(This is #6 of the presentations for the series “Fashion Statements: Lessons from Garments in the Bible.”)
Filipinos are known to love shoes. We might have gotten that notoriety when our former First Lady, Imelda Marcos left behind 3,000 pairs of shoes. These includes famous brands like Gucci, Charles Jourdan, Christian Dior, Ferragamo, Chanel and Prada.
One famous shoe maker who is still sought after today is Manolo Blahnik. He is a Spanish fashion designer best known for his signature line of high-end women’s footwear. His shoes are worn by celebrities from Michele Obama to Beyonce. His shoe creation range in price from $1000 to $14000 (almost P700,000).
For my male audience who really don’t care about fashion shoes, maybe you will be interested to know that the basketball shoes that Michael Jordan wore in Game 5 of the 1997 NBA Finals, when he was suffering from a flu, but still made 38 points, was sold for $104,000 (almost P5 M).
Before shoes became fashion statements or before it became important gear in sports, sandals or shoes of some kind were worn by humans from very early times to protect the feet. From Bible research and from ancient art and artifacts found in archeological diggings, it was discovered that the ancient sandals were made from flat sole of leather, wood or other fibrous material strapped to the foot by laces usually made from natural leather thongs passing between the big toe and second toe, around the heel and over the top of the foot.
There are many references in the Bible that mention about shoes or sandals. Here are some:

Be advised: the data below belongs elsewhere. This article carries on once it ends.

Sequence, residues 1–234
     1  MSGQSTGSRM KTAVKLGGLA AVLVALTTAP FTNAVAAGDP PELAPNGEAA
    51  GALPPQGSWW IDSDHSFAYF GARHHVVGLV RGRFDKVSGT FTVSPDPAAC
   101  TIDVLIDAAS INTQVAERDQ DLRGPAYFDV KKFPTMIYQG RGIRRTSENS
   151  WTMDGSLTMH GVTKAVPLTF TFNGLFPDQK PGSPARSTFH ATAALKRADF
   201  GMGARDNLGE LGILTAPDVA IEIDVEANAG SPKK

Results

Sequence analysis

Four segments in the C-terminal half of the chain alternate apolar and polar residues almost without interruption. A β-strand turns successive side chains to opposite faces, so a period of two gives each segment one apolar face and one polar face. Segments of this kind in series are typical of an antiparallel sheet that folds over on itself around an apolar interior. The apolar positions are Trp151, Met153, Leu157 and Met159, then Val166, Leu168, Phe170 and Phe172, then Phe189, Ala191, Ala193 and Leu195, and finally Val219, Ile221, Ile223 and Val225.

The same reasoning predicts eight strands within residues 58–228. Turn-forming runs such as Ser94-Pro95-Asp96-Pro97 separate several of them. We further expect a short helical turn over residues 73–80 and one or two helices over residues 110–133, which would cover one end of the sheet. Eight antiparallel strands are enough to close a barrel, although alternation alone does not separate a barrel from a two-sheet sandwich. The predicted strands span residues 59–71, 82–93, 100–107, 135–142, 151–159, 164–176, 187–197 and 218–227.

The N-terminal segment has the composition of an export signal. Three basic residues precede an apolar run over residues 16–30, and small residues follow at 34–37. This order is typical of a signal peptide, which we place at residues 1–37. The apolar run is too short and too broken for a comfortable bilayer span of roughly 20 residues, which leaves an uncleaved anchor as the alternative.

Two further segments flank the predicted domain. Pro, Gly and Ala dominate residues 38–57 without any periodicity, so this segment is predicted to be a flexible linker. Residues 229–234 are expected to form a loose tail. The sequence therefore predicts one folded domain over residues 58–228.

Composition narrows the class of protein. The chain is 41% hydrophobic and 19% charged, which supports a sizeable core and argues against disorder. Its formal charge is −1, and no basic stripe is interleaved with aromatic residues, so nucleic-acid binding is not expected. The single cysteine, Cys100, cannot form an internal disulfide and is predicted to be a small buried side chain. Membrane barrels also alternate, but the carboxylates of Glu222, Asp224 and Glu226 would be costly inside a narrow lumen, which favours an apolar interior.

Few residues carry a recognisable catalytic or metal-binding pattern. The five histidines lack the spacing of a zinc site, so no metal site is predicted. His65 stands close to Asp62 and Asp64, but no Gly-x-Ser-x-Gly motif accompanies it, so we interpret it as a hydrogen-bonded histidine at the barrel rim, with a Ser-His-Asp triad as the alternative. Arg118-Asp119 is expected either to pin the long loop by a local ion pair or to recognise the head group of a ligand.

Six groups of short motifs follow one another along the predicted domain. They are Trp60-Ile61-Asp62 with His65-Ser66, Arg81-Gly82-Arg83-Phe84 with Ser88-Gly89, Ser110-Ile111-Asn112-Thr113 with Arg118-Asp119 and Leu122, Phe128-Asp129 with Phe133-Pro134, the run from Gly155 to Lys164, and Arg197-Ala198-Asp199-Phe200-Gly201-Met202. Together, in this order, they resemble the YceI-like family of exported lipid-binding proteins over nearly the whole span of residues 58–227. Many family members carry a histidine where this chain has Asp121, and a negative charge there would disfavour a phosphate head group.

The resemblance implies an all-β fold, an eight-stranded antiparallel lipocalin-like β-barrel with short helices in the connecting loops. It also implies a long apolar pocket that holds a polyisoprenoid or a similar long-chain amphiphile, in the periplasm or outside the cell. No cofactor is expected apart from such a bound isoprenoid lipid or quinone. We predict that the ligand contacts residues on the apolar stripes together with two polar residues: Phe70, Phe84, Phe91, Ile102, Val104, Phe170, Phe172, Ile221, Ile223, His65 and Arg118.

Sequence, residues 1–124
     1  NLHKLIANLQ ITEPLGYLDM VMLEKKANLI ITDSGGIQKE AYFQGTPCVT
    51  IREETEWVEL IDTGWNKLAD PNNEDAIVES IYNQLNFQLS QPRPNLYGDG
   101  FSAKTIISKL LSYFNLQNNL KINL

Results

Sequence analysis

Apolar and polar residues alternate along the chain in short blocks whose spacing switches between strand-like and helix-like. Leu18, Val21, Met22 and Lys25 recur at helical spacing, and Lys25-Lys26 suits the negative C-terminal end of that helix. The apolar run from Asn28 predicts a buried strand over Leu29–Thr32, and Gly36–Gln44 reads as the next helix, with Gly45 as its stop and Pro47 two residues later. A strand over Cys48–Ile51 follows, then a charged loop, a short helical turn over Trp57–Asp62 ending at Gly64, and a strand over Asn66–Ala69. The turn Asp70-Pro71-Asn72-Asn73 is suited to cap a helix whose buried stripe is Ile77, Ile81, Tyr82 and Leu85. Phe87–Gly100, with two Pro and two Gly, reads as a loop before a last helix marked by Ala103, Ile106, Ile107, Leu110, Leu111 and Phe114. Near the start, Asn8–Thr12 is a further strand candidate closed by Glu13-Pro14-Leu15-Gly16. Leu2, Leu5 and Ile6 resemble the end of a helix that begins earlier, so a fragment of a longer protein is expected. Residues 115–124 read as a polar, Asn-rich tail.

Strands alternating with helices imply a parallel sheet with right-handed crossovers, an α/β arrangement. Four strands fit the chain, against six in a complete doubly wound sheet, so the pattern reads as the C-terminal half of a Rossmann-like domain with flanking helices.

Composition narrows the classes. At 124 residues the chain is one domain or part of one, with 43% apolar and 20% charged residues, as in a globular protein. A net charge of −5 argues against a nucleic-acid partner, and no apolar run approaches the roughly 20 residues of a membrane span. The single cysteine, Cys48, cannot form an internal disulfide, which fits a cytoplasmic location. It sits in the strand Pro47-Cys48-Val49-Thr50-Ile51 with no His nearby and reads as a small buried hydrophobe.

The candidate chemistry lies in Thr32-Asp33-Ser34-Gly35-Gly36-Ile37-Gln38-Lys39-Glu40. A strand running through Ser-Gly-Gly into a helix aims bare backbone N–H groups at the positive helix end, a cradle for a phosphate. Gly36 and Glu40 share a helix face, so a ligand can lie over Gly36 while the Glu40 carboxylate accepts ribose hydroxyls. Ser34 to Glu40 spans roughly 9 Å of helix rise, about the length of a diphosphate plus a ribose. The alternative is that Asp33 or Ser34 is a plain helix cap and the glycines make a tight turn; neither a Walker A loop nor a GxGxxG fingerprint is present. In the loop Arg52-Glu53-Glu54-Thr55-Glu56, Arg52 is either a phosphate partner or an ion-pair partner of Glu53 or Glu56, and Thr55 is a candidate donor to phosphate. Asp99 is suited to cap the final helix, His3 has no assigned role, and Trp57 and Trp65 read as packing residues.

“How beautiful your feet are in your sandals” (Song of Solomon 7:1)
Even in Biblical times, a good footwear can make you look sexy.
“While I kept guiding you for 40 years in the wilderness, your garments did not wear out on you and your sandals did not wear out on your feet” (Deuteronomy 29:5)
Can you imagine that? The Israelites’ sandals did not wear out even after walking for 40 years in the wilderness. That must be really sturdy sandals! But then again, that’s probably more of God’s miracle.
“I, for my part, baptize you with water because of your repentance, but the one coming after me is stronger than I am, whose sandals I am not worthy to take off. That one will baptize you with holy spirit and with fire” (Matt 3:11)
In the East, it is customary that shoes were taken off on entering a house, just like in the Philippines. Water was also provided for guests to bathe their feet. To unloose the shoe was often the work of a slave, who might also carry the shoes to an appropriate place. So when John the Baptist said that he was not worthy to take off Jesus’ sandals, he was saying that he was not even worthy to be Jesus’ slave.
“Do not come any closer,” God said. “Take off your sandals, for the place where you are standing is holy ground.” (Exodus 3:5)
This was a story in the life of Moses, when he saw a bush that was on fire but not burning, he went up near to it to investigate. He then was told to remove his sandals because the ground he was standing on is holy. It is in keeping to show reverence and submission. Some scholars consider that removing the shoes signifies putting off the earthly or profane upon approaching the holy. In fact the service of the Tabernacle and Temple was performed barefoot.
It was not only Moses that was told to remove his sandals. Joshua, in Joshua 5, was also instructed to remove his sandals when the Lord appeared to him.
So when Moses took off his sandals, he was forfeiting his comforts and his rights; he was willing to surrender his past, present, and future to God. Taking off his sandals and being barefooted and vulnerable, Moses is acknowledging that it is God who will equip him. It seems that the best thing about shoes, is when we take it off.
With his bare feet, Moses was touching the very ground where God stood. No barriers.
Today, God would still like to commune with us with no barriers. Let’s take off our shoes.
(*photo from pinterest.com)